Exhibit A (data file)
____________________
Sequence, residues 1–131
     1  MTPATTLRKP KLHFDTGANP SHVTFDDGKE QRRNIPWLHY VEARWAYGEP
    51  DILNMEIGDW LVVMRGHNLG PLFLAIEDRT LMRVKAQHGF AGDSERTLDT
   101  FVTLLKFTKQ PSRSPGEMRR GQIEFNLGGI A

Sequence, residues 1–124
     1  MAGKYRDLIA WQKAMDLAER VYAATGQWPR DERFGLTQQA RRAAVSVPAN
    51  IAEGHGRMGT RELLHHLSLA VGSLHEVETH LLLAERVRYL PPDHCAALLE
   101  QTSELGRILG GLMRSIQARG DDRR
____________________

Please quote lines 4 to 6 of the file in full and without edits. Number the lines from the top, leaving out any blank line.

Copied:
   101  FVTLLKFTKQ PSRSPGEMRR GQIEFNLGGI A

Sequence, residues 1–124
     1  MAGKYRDLIA WQKAMDLAER VYAATGQWPR DERFGLTQQA RRAAVSVPAN